In the 1986 Football World Cup Quarter-Final between England and Argentina, Diego Maradona, one of the smaller players on the pitch, out-jumped England’s six-foot-plus goalkeeper, Peter Shilton, to score a goal that put Argentina 1-0 ahead. But what was seen by many in the crowd and millions watching worldwide on television was that the reason Maradona was able to out-jump Shilton was that he used his hand to knock the ball past the England goalkeeper. Unfortunately, two key people failed to see that: the referee and the linesman closest to the incident. The goal stood and there were cries of outrage (especially in England) asking why the referee couldn’t have access to a video replay, so that he could have seen what millions of others already knew.
England fans were to feel aggrieved again over an error by a referee in the World Cup of 2010, when a long-range shot by Frank Lampard beat the German goalkeeper, Manuel Neuer (who, ironically, was born in 1986), hit the underside of the crossbar and bounced down well into the goal, before the spin on the ball brought it back into the arms of Neuer who played on. Again, the referee and linesmen missed what had happened and instead of the score being 2-2 Germany continued to lead 2-1 and went on to win 4-1.
On this occasion, the Germans permitted themselves a wry smile, saying that fate had intervened as they still maintained that England’s third goal in the World Cup Final of 1966 against West Germany had not crossed the goal line but a goal was given on the word of the linesman. England went on to win 4-2, the fourth goal being scored when, in the famous words of the legendary commentator, Kenneth Wolsthenhome, ‘some people are on the pitch’, which should have meant that the game was stopped.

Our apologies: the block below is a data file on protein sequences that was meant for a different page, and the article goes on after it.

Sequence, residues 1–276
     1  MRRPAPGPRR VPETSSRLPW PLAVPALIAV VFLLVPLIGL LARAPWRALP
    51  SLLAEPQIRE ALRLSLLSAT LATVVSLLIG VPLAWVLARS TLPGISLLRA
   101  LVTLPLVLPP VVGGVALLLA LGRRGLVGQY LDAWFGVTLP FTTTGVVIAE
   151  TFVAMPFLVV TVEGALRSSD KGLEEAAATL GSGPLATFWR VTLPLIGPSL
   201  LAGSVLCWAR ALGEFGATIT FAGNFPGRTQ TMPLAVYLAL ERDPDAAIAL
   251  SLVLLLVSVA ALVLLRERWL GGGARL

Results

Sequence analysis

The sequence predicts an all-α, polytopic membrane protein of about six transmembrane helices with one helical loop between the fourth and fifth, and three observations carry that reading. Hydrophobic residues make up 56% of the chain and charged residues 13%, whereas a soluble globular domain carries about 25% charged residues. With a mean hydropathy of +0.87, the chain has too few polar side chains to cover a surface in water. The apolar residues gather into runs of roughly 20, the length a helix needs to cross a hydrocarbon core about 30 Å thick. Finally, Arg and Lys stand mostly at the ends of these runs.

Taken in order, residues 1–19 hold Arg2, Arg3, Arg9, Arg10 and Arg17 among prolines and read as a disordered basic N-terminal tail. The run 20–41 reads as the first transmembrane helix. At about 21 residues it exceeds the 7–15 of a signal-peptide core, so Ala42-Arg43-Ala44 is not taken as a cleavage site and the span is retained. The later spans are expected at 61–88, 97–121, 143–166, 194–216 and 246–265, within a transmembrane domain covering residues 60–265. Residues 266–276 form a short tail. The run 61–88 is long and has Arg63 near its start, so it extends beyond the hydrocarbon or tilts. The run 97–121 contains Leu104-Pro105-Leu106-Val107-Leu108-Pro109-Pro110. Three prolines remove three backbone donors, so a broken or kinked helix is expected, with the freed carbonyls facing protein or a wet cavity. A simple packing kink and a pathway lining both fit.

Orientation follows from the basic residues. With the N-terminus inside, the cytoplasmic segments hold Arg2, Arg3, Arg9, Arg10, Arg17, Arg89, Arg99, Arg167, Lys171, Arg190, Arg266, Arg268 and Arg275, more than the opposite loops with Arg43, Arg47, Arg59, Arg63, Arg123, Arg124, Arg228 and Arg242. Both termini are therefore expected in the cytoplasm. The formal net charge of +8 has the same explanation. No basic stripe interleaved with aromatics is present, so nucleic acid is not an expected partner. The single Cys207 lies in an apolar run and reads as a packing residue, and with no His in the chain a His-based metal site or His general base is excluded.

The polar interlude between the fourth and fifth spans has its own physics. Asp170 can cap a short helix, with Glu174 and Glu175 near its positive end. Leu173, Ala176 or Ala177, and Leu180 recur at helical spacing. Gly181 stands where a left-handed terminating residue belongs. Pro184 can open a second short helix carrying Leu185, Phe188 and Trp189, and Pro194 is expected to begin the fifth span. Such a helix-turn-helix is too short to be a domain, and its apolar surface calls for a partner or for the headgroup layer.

And so the clamour increased for football to follow the lead already given by other sports and introduce video technology. Various experiments were tried, such as the ludicrous idea that the Football Association came up with in 2018-19 that if an FA Cup tie were played at a Premier League ground there would be the Video Assistant Referee (VAR); but if it were at the ground of an English League team it would not be used. This led to the eventual winners of the trophy, Manchester City, scoring two goals which VAR would have ruled out against Swansea City in a 3-2 win in the Quarter-Final.
Despite misgivings about the VAR system, the English Premier League announced that it would be introduced in all Premier League games in the 2019-20 season. In the first round of matches what would have proved the winning goal for Wolves at Leicester was ruled out after a VAR check established that the ball had struck the arm of a Wolves player before the ball was put into the net. The game ended 0-0.